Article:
• MrMisterMrMister Please demonstrate your enthusiasm for e-marking and/or e-assessment with examplesRegistered User regular
    edited November 2006
    So why didn't you screw him over? Because it wasn't in your best interests to do so. If you're given the option of not having to betray your ally, then it's better for you if you don't.

    I didn't screw him over because I was generally being a nice guy, and same with him. It's somewhat funny that you don't realise the amount of trust that went into that, as the majority of our correspondence from the second half of the game amounted to "if you betray me I will congradulate you on the win, then drive to your house and brutally fucking murder you. We clear?"

    Either of us could have doubled out points by betraying the other. Of course a tie is better than a loss, but at the same time a win is just as much better than a tie. And while having an airtight alliance allowed us a lot more tactical freedom and overall benefited us, it's no wonder that if you can trust someone and they can trust you then you'll be more effective working together. That's part of the whole point. If there were no possible benefit to ever trusting someone, then there wouldn't be any actual Diplomacy going on.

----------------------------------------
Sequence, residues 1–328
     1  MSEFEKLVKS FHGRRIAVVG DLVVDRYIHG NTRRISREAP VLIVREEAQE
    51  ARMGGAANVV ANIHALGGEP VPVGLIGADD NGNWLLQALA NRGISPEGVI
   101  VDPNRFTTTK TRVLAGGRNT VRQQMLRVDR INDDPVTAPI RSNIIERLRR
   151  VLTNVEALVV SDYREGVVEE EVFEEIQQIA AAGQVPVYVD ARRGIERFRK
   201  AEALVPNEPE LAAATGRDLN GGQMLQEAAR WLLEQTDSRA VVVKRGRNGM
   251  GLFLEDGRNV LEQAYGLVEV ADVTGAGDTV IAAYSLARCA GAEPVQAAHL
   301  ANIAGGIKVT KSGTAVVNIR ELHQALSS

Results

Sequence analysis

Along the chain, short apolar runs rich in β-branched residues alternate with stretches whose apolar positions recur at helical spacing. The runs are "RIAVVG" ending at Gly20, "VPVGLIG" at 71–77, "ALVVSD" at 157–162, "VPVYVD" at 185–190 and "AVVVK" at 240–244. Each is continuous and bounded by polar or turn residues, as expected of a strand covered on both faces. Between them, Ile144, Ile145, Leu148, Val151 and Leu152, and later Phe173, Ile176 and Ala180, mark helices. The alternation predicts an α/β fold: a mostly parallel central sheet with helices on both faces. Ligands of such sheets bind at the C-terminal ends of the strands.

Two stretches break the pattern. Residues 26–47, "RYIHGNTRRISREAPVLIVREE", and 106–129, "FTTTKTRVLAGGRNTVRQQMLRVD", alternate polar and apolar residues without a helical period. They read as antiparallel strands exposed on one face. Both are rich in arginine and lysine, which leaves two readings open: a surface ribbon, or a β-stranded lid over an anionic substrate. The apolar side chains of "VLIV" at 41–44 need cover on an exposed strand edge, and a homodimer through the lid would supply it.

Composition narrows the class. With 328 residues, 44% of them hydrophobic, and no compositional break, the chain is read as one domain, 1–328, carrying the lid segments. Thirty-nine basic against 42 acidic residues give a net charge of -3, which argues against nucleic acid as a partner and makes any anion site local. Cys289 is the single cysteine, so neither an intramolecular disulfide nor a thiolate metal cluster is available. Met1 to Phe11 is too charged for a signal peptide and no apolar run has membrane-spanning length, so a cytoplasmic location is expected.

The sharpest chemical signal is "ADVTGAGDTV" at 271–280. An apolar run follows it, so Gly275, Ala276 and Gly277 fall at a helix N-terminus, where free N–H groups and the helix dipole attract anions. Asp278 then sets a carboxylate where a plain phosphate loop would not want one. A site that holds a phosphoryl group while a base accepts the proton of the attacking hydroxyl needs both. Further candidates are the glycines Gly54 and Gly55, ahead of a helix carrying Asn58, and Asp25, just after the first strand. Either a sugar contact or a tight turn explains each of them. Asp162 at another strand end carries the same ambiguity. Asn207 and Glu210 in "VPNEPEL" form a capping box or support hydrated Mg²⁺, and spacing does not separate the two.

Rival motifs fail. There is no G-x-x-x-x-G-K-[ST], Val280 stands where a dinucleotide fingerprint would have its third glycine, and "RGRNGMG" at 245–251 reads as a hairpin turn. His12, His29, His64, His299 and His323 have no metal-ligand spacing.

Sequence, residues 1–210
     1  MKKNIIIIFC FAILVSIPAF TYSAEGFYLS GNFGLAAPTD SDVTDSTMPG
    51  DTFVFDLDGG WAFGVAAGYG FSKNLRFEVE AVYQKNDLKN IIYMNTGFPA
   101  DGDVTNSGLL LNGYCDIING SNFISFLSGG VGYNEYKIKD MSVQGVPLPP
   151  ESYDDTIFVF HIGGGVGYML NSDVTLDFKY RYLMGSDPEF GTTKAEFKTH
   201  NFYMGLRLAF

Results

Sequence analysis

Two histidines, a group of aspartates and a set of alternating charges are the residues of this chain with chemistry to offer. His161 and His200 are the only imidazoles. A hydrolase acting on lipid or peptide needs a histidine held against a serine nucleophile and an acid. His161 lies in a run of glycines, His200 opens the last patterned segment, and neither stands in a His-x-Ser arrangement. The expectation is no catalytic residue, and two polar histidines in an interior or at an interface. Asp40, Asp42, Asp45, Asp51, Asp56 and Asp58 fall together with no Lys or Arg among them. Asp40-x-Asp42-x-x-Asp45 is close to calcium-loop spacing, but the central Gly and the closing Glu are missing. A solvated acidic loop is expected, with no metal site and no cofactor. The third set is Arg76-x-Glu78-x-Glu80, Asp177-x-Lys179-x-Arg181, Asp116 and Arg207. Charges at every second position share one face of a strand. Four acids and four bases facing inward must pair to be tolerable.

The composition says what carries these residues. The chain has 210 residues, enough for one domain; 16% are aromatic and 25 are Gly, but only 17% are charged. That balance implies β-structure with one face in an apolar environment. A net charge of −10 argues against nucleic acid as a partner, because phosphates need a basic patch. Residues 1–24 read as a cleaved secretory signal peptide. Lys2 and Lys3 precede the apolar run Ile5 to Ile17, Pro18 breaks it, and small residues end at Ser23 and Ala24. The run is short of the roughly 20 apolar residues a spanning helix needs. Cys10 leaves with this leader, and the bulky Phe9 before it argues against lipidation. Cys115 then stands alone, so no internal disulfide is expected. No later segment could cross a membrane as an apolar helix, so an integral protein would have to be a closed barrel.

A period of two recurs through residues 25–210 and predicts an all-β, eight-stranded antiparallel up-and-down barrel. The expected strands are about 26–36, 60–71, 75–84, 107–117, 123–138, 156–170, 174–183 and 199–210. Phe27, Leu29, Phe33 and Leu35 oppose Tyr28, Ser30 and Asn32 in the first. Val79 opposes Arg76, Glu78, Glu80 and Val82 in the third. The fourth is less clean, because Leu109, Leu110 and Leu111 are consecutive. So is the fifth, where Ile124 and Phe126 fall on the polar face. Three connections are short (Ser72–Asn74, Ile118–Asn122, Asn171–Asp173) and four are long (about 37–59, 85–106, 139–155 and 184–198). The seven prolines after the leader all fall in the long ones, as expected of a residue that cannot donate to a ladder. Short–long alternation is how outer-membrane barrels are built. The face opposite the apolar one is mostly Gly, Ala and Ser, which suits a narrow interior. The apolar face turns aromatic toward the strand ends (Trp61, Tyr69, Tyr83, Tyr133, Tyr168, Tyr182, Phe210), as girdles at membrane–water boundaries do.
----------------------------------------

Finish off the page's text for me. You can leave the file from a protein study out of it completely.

Which is still much better than a loss, I'm assuming. Unless losers get points based on when they were eliminated, it's still in your best interests to get a draw.

    No, it's in your best interests to lead someone on as if you wanted a draw, then steal the win at the end with a precisely timed betrayal.
    And I already posted what I think is a better solution.

    That solution is already part of the rules: if three years go by with no supply centers changing hands then the game ends in a draw. However, notice that allowing the remaining players to declare a draw is just a shortcut to do something that is already allowed: if they were just to hold for three years then it would take a lot longer but achieve the exact same effect.